Many attackers don’t need any information at all and instead simply want to compromise your company’s availability to customers through DoS (Denial of Service) attacks. This is generally accomplished by flooding your servers with invalid connection requests that consume resources until your service can no longer acknowledge legitimate requests from customers, or in worse cases, cause the server to crash altogether. This attack is most commonly mitigated using load balancers and backup servers.
Malware is another huge concern, as there are many varieties that can potentially cause immense damage to your organization, such as large scale data breaches that result in excess of millions of dollars in recovery costs. They can be transmitted in many different ways, ranging from drive-by links as mentioned before, to disgruntled employees seeking vengeance for a perceived injustice and uploading malware from inside the organization. If some types of malware manage to successfully exploit a machine or infiltrate the network, they may remain undetected for weeks or months, and when they are found, they can be very difficult to remove.
One mitigation for this threat is a reliable antivirus. This may seem like a no brainer, but even with antivirus solutions, they can’t be just installed and forgotten about, endowing you with a false sense of security. Risks are never completely eliminated, and in order to mitigate risks as much as possible, antivirus software and solutions need to be properly configured, such as scheduling regular, full scans of the system they’re installed on.
There are countless security risks and an equal number of threats poised to exploit them, and the ones listed have been just a small sample of some of the most common varieties. For a small startup, it may seem daunting to tackle this challenge, which is why it is better to outsource certain tasks to other entities in order to transfer the risks to an organization better suited to handle them. This goes beyond just purchasing insurance, and while many services have their costs, it will generally be cheaper than hiring a team of security professionals to constantly monitor and lock down your systems.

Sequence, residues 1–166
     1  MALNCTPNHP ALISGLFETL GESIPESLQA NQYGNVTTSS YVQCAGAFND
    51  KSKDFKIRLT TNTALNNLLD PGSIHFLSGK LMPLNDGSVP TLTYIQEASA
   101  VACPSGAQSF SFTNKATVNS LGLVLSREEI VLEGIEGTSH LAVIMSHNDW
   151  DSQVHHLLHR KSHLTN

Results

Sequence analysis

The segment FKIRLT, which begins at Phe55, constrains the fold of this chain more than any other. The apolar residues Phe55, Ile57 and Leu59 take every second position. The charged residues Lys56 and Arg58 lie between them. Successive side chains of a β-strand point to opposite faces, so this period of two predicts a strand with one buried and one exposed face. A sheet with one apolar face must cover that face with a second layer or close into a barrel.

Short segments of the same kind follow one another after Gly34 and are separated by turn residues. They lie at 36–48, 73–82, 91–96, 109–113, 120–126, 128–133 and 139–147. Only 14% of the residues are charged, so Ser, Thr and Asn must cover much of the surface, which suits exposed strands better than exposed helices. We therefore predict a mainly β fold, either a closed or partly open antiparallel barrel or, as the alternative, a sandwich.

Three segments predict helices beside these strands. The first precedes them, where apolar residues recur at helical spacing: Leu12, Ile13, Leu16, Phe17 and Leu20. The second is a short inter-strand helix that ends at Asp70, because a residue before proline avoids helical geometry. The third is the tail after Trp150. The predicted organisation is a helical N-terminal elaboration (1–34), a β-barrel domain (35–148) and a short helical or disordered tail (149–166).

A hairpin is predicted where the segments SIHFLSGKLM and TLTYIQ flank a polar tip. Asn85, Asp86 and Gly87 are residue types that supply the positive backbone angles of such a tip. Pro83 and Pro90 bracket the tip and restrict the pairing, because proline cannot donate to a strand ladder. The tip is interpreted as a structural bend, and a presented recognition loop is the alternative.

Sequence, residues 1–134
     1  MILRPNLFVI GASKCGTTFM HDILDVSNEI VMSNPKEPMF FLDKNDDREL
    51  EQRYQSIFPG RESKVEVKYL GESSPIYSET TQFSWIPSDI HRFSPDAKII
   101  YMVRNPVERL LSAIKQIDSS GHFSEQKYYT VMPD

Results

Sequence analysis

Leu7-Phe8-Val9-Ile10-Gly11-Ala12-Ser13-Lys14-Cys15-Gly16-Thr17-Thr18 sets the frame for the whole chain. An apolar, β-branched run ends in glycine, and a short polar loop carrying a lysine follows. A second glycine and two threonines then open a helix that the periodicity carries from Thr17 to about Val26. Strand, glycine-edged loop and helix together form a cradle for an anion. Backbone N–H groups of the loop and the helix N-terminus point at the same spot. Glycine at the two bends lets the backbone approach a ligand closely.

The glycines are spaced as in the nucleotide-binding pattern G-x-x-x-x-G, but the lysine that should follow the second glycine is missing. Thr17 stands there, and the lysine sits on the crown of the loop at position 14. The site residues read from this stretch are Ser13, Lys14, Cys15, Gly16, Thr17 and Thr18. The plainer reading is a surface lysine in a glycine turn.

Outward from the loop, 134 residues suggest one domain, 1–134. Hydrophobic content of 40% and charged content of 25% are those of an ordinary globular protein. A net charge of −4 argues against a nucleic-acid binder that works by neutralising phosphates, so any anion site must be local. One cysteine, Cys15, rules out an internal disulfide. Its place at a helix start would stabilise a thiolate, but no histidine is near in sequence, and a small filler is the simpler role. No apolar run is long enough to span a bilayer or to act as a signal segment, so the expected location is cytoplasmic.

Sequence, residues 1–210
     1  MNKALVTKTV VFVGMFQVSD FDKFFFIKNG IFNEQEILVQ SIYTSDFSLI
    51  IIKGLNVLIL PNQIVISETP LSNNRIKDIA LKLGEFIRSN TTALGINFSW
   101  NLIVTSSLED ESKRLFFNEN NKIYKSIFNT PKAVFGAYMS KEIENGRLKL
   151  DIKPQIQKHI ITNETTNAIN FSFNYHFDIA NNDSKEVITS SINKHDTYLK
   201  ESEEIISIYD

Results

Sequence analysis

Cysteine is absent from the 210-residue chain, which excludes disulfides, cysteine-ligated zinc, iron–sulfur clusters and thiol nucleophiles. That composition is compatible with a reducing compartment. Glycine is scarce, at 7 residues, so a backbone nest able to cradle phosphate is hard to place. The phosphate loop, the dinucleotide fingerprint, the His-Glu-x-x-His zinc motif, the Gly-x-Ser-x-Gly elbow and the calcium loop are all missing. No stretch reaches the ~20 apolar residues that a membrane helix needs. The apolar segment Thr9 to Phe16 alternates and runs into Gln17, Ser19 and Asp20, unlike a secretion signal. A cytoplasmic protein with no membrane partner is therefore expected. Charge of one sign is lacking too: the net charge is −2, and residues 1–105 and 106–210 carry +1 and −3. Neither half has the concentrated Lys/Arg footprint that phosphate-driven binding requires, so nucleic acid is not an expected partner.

For example, it is already common knowledge for nearly any business to use an external antivirus software rather than develop their own. This principle can be extended to other services, such as web hosting. Particularly for startups, hosting your platform on your own server may seem enticing to avoid paying fees to another company to host it for you, but when you factor in the costs of load balancers to mitigate DoS attacks or other security costs (most of which are taken care of by the hosting company) you can save yourself time, money, and a huge headache.
Outsourcing login solutions can also save time and money while protecting your company and your clients. Aside from the inherent risks of passwords and password management (which we’ve covered in another article), there is the security of the front end of your application that needs to be considered as well to avoid risks such as code injection attacks. Relying on another startup such as humanID to provide your login solution is a better option. humanID utilizes user’s phone numbers to provide a secure and anonymous login, with no need for you to host a database that needs to be locked down or create a web application that can be exploited and would need immediate attention to security.
Technology has made it much easier for any startup to make themselves known, but with these new capabilities come new risks. In order to provide customers with confidence and to protect their well-being, your platform needs to be secure and protected from a growing number of threats in the digital realm. Tackling these threats is a daunting and potentially impossible task to handle on your own, which is why the solution may be to contract with other entities, such as humanID, to handle certain aspects of your technological infrastructure for you.